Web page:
After the coronavirus pandemic forced owners Gary Marler and Tiffany Richie to shut down their taproom for about two months this spring, the duo said they have since reopened and are working to forge a path forward.
That path, Richie said, includes following new state guidelines to slow the spread of the coronavirus—such as enforcing social distancing and limits on occupancy—while also finding new ways to serve customers and keep the business alive.
"It's the community that is helping us get through this," Richie said. "They are the ones coming in and making sure we are stable. They could choose to buy their beer at the grocery story, but they’re choosing not to. They’re choosing to come in and support us, and that’s just as important as anything we’re doing."
Brew:30's taproom has been reopened since May 22, Marler said. Since then, the duo said they have heightened already stringent cleaning and sanitizing protocol while also exploring new ways to use their outdoor covered patio to compensate for the limits on indoor seating. Ideas have included hosting live music outdoors and hosting movie nights, Marler said, but he said the timing and execution of such events is still being considered.
A key change moving forward in general will involve getting people used to sitting outside instead of at the bar, Marler said.
"[The bar] is a big part of our business," he said. "People come to a place like this because they want to make a connection with their neighbors and friends. The lack of not being able to do a bar is quite difficult. We still have to go through an education and evolution process with our customers to think about the back patio."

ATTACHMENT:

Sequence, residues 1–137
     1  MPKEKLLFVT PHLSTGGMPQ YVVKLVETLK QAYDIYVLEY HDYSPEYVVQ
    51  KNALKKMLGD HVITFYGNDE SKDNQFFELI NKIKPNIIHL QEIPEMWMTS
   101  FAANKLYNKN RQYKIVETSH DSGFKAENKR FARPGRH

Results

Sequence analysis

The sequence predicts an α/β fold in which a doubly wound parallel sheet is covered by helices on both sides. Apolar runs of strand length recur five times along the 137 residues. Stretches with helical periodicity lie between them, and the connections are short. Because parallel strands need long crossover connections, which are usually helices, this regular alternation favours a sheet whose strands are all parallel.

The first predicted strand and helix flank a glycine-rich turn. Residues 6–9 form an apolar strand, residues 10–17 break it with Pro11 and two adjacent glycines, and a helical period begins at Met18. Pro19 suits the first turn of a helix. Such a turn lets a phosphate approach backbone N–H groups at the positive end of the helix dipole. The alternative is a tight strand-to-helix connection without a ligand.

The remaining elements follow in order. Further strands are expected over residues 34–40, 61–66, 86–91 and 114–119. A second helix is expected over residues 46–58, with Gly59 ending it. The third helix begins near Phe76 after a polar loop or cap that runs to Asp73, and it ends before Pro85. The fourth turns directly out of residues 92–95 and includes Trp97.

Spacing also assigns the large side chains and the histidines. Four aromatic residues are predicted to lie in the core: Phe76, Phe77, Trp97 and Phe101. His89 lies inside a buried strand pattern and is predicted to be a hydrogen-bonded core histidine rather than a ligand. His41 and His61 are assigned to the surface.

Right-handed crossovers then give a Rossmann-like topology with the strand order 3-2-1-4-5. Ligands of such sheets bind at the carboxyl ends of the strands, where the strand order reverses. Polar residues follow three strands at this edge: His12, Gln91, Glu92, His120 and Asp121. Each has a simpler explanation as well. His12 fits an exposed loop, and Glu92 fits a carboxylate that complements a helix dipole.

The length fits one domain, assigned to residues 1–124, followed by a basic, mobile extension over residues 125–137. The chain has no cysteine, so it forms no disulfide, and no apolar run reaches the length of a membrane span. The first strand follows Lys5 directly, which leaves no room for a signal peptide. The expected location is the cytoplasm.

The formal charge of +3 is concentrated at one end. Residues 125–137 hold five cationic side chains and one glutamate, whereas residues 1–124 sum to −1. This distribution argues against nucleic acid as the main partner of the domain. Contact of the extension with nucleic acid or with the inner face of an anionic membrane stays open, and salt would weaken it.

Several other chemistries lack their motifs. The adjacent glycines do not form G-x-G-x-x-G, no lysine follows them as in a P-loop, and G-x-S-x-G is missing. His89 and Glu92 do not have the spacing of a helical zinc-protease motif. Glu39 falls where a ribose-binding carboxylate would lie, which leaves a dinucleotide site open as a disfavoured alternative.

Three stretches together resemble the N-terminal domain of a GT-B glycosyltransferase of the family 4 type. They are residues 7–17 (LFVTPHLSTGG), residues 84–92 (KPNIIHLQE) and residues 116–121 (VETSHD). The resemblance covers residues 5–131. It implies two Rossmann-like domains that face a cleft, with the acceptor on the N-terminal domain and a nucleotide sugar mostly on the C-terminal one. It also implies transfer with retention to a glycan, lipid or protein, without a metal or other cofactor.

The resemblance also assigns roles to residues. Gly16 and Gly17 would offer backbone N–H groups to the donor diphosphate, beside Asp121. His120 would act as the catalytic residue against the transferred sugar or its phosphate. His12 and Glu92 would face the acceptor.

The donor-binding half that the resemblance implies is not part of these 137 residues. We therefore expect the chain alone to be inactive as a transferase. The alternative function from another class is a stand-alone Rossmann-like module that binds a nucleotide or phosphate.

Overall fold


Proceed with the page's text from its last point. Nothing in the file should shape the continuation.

The pain of the shutdown was offset somewhat because Brew:30 is able to offer beer to-go in crowlers and growlers, something that requires a specific license that other bars might not have, Marler said. The business typically filled around 70-80 crowlers per month, a number that shot up to 200 per week over the first two weeks of the shutdown before dropping off to around 120 per week, Marler said.
Marler said he has been looking to build that side of his business more, but is not sure it will ever truly make up for the challenges posed by coronavirus restrictions. On the first Friday of being reopened, Marler said the bar was at its occupancy limit. However, over the past 10 days, he estimated his business has been about 60% of what is needed to break even, even with the increase in to-go sales.
"Until we get the six foot rule lifted, we are going to scrape by," he said. "But the other two strategies of beer to-go and [using] the back patio could get us back to a break even point. You never know."
Marler and Richie both said they are staying hopeful and expressed gratitude for the support they have gotten from the local community so far.
"Without them wanting us to be here when all this is over, we wouldn’t be here," Richie said.